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Perhaps We Should Consider the Vacancy Rates, Needs and Wants of the Public When Assessing Development Possibilities?

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Development is a major component of regional growth, enabling a community to modernize by building better infrastructure to attract new business and investors, thus increasing the tax base.   However, its also important to know how the vacancy rate of commercial properties fits into the equation.  New property is going to be less desirable if it’s surrounded by a whole host of vacant buildings.  Long range planning of future development is contingent upon balancing these concerns and making sure that existing properties get filled while a proper amount of new development springs up to enhance and support the existing inventory.

Unfortunately, Putnam County doesn’t track its vacancy rate.  Usually this sort of data is used to keep track of significantly larger markets.  New York City, for example, lists its 2nd Quarter 2012 office vacancy rate at 7.1%, while retail comes in at 2.2%.  In Albany the numbers were 15.2% and 8.9%, respectively, and for Westchester, 18.0% and 8.2% (source:  www.reisreports.com).   In assessing the future of our county, and in determining what industries to attract to Putnam, it would seem valuable to have access to this same data.   That way we can address potential concerns and factor the empty properties into plans for development and growth.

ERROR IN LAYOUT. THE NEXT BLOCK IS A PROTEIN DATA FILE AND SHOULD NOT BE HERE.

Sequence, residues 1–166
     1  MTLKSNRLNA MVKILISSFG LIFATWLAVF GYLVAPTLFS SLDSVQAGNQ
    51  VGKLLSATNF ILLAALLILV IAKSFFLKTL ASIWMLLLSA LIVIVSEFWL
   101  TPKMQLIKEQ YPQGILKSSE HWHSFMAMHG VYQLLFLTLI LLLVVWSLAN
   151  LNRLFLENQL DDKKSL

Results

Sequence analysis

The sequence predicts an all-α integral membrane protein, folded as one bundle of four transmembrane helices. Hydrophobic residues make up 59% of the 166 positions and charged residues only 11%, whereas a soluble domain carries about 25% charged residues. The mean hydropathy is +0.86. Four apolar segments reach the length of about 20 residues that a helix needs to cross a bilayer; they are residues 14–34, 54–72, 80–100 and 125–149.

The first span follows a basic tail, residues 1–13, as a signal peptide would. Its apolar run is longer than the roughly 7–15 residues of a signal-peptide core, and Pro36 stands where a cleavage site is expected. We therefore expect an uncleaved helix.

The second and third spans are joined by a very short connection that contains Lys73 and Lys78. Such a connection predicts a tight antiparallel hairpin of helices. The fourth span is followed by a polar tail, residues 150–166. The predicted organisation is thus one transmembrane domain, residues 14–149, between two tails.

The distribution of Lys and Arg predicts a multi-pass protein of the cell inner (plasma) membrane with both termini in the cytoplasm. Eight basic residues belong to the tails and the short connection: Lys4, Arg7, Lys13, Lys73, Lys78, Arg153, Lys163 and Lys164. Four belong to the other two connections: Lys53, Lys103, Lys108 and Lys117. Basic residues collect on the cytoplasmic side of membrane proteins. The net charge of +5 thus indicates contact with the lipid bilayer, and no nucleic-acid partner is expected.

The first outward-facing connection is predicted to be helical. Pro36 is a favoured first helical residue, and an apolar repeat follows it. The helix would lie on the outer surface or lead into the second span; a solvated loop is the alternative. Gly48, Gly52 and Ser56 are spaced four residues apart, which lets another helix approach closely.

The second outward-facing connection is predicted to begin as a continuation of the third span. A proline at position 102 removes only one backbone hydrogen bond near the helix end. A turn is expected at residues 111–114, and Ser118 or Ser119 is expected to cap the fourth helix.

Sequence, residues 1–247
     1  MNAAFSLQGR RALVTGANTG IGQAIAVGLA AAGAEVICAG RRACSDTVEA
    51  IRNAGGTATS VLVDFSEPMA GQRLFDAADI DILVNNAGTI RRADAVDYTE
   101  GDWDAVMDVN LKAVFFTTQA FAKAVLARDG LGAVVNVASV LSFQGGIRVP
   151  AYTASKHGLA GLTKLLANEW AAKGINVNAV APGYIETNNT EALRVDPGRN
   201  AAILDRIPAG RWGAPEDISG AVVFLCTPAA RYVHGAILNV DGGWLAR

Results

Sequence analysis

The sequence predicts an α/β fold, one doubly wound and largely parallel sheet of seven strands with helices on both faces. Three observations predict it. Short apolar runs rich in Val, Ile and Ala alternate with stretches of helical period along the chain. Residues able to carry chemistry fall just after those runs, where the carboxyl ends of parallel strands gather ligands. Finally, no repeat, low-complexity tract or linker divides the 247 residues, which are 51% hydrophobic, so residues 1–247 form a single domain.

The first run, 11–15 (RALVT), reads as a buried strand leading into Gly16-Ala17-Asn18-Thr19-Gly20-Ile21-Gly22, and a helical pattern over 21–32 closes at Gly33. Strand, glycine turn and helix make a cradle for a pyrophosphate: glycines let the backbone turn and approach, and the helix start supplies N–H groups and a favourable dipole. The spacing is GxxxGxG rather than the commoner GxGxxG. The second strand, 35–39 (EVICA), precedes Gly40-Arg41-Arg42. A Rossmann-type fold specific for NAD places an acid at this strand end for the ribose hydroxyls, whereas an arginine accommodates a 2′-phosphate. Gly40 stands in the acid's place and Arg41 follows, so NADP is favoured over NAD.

The Putnam County Chambers of Commerce is conducting a survey to help determine needs and wants for building sustainable industry clusters in our communities – available at putnamchamberny.org/public-survey.html or putnamchamberny.org/business-owner-survey.html .  Ideally, new businesses will fill vacant buildings first and then move into newly-developed space; of course in reality there will be a combination of both.   The end result will be an improvement in the economic conditions of our county, one way or another.  As we utilize tools such as the survey and other available data, we are gathering vital data to help facilitate coordinated planning for our future.

-Jennifer Maher, Chairwoman, Putnam County Chambers of Commerce